ICYMI: YouTube Live event kicks off Mental Health Month



At VA, one of our primary missions is to educate Veterans about the benefits they have earned, including support for the variety of health challenges and conditions they may face as they transition out of the service and move through life. Many challenges are known and some can cause a great  deal of distress such as being diagnosed with a mental health condition like PTSD or depression.

Stereotypes and popular misconceptions have informed our reality for far too long. In many cases, this reality has served as a substantial and seemingly insurmountable barrier to treatment and a better quality of life. These misconceptions can prevent Veterans from seeking help and living their lives to their full  potential.

We must eradicate these outdated narratives surrounding mental health and chip away at the “stigma” in order to make mental health care more approachable and accessible for Veterans. Education and outreach play a major role. One of this year’s activities during Mental Health Month took advantage of the new theme Mental Health Means a Stronger You, by holding a YouTube Live event panel to discuss what mental health can, should and does mean to our nation’s Veterans.

I’ve dealt with mental health issues in my personal life and knew how important a discussion like this would be. I was joined on the panel by two sharp individuals, Marine Corps Veteran Moses Maddox and VA’s Director of Innovation and Collaboration for the Office of Mental Health and Suicide Prevention, Dr. Wendy Tenhula.

Maddox discussed his transition from the military and how he went to extremes to re-experience the adrenaline rush of deployment. He offered insights on why it’s important to reach out for support.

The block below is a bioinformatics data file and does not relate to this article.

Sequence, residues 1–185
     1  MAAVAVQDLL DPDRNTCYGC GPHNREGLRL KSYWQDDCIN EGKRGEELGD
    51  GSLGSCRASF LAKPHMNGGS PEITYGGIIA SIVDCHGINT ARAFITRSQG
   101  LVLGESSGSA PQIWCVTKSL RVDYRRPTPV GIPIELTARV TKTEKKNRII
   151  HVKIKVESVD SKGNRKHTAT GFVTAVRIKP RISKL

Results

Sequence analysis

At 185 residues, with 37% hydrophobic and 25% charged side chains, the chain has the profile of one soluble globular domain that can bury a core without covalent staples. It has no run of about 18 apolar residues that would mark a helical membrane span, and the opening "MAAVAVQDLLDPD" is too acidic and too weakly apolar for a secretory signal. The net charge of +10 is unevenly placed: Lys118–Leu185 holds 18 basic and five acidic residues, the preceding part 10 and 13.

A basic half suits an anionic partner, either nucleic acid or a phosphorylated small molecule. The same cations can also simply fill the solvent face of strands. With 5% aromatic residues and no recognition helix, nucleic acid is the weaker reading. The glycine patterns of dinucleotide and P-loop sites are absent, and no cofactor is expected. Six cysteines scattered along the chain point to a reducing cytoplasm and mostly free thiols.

“I am a big proponent of positive mental health,” Maddox explained. “Taking it seriously, that it’s not a ‘crazy sentence,’ saying that if you need help or if you’re feeling down, that’s not a sign of weakness, that’s a sign of strength. And it’s really, really important to talk about it.”

During the event, Tenhula discussed the resources available to Veterans as well as how to start having the conversation about mental health.

“On the MakeTheConnection.net website, there’s a ton of information about different mental health conditions, different types of treatments that are available and where you can find help, if you do decide you want to take that step to ask for help,” she said.

Special thanks to Moses and Wendy for joining me and providing a thoughtful discussion, personal stories and anecdotes and willingness to share in hopes it will help other Veterans.

We encourage you to watch and share the video and learn how you can make a difference this Mental Health Month and throughout the year.

 

Author

Timothy Lawson

Timothy Lawson has been a member of VA’s Digital Media Engagement team since April 2016. He graduated from American University’s School of Communications in 2016 with a degree in Broadcast Journalism. Tim is a Marine Corps Veteran having served as a Marine Security Guard posted at embassies in Algeria, Russia, and Peru.

Comments

  1. Calvin f Anthony    

    Im in chronic pain, i have asbestosis, i had surgy on both shoulders, both kness, surgy on stomach, the Va has taken me off my pain meds, im depressed, my wife is sick, and her helth is bad, the VA Will not send anybody to help me at home, all i can do is sit in a chair all day, i need some help. I am a 100% p&t disable, i dont know what else to do. I can not see a outside Dr. The va will not let me i am 63 years old, i dont want to starte buying pills off the street ,please can somebody help me

  2. Tom Booker    

    Call the VA and request a case manager. The case manager can advocate for you to help you get services. Also, your county’s Veterans Service Officer can help direct you as well.

  3. Thomas Slone    

    That’s exactly what I told my primary Dr when he cut my pain meds in half . They say the VA forces them to cut back om meds of Veterans, Bull—t all the Dr’s are doing is trying to make themselves look good to the VA supervisors for cutting back on our Meds. They don’t care about the Veterans in chronic pain like yourself, they are forcing our Veterans to go out and buy street drugs to control our pain. No one gives a Sh-t about us. I feel for you my Brother and hope someone reads our post and can help those Veterans like yourself. God Bless Brother

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